Iris and retina identification systems are considered “invasive”, expensive and not practical for applications such as integrating with a toy where limited computer memory storage is available and manufacturing costs must be minimized. Voice recognition, which is not to be confused with speech recognition, is somewhat less invasive, however it is cost prohibitive and can require excessive memory storage space for the various voice “templates”. In addition, identification processing delays can be excessive and unacceptable for many applications.
Fingerprint verification is a minimally invasive way to identify a human user. A fingerprint verification and identification system can be constructed in such a way that its operation is simple and natural for a human user. With recent advances in the performance of inexpensive single board computers and embedded microprocessors, it has become possible to implement a practical and cost effective fingerprint verification system for use in providing human user recognition for toys or computer games.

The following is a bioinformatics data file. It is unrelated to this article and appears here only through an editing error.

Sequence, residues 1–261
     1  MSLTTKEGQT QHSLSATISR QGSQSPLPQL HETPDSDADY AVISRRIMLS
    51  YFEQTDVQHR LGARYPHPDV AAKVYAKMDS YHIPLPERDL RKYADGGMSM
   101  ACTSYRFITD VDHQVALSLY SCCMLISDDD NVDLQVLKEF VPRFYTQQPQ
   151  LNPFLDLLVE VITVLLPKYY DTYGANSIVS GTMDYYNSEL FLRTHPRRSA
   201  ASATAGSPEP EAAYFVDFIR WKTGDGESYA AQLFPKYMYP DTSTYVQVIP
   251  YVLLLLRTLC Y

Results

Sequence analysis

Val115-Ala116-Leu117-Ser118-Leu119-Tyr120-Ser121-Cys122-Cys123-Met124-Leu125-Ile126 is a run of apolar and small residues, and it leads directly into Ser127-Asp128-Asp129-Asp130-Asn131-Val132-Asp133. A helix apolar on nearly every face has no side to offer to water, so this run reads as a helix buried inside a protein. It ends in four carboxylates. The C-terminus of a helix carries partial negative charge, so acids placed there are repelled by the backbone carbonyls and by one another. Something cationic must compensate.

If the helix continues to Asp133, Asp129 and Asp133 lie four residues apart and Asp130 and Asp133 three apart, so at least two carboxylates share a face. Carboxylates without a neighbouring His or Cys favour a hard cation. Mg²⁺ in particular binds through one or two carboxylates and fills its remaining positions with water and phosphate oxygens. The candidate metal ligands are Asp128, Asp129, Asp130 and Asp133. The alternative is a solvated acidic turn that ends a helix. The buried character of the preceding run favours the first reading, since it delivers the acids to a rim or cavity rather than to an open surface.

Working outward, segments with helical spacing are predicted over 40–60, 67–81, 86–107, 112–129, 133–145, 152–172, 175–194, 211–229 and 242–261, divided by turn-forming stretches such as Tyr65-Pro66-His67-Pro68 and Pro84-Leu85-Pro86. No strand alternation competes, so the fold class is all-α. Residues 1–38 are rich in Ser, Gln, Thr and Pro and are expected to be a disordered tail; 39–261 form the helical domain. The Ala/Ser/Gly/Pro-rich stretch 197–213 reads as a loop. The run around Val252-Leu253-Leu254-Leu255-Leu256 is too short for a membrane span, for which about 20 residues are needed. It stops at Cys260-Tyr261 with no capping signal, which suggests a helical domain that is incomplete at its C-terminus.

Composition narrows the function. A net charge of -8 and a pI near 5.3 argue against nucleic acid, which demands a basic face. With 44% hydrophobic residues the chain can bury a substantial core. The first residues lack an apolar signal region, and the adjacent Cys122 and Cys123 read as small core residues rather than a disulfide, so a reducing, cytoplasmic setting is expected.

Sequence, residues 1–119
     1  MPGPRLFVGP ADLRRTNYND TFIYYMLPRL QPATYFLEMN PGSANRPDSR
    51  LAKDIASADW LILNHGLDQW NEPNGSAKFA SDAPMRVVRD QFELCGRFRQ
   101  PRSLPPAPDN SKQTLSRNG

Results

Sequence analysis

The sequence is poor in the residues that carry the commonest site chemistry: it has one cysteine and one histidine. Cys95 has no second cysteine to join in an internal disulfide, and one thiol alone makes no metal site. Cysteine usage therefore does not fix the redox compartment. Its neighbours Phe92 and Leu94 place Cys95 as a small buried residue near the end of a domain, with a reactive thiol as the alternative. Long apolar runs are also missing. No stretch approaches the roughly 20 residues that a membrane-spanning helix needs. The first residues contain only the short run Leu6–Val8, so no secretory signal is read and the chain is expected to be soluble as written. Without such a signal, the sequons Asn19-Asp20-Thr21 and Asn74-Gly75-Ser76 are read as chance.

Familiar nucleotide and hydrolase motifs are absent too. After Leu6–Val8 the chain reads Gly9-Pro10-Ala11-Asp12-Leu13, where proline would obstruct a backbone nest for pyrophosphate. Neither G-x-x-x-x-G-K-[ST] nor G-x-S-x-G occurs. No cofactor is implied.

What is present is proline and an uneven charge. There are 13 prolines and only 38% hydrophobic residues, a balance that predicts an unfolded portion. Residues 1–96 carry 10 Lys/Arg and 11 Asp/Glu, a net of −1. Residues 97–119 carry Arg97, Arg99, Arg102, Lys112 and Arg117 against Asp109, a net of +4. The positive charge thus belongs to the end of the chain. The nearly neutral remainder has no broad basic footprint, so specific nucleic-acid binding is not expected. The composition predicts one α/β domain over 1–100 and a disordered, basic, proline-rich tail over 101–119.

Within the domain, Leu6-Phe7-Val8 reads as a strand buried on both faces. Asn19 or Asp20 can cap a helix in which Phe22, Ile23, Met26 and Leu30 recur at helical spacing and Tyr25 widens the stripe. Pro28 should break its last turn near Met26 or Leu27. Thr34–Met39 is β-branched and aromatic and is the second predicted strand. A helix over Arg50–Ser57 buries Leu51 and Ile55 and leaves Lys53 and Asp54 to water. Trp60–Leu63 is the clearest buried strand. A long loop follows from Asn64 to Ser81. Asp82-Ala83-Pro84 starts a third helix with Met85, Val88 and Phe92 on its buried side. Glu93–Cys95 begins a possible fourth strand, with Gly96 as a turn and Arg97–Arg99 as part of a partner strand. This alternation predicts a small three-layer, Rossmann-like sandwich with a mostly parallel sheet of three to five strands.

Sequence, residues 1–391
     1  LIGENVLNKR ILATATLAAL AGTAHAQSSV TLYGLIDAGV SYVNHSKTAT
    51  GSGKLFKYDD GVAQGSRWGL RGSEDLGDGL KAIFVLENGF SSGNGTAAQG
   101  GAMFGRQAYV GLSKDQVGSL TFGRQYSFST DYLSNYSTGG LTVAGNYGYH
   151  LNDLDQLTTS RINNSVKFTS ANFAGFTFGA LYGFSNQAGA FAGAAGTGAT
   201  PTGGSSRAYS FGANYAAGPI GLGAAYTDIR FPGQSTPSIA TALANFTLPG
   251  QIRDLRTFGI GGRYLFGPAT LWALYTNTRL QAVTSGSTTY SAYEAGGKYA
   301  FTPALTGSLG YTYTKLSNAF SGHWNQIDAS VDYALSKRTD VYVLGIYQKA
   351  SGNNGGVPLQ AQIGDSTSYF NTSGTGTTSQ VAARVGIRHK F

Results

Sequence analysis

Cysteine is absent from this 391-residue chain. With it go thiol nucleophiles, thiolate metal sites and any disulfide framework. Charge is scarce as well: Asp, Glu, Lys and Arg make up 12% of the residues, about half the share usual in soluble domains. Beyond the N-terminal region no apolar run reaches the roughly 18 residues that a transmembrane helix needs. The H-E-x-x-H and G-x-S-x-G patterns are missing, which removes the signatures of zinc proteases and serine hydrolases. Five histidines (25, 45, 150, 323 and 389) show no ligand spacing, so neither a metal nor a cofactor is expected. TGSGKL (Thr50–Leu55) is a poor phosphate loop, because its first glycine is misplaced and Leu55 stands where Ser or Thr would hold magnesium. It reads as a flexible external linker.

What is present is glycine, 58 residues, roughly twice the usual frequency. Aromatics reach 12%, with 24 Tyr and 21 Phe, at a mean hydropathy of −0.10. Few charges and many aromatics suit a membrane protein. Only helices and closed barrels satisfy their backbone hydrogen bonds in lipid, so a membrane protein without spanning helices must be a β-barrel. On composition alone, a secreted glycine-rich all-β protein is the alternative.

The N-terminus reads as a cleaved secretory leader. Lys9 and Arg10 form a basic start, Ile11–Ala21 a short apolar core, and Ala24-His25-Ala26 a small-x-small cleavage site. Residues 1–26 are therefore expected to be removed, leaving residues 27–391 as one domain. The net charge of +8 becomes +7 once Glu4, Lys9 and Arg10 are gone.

Although many inventors have offered approaches to verifying human fingerprints for recognizing human users, none have succeeded in producing a system that would be viable for use in an articulated and animated toy or computer game. Part of the reason for this lies in the severe constraints imposed on the sensor apparatus such as size and physical configuration. Another reason is that the complexity of the algorithms and the hardware necessary to implement them makes such a recognition system cost prohibitive for use with a toy.
The present invention overcomes these limitations by combining streamlined algorithms with advanced microprocessor architectures. The algorithms of the present invention have been optimized to run quickly on small inexpensive single board computers and embedded microprocessors.
It is an object of the present invention to improve the apparatus and method for fingerprint verification of human users for use with articulated and animated toys or computer games.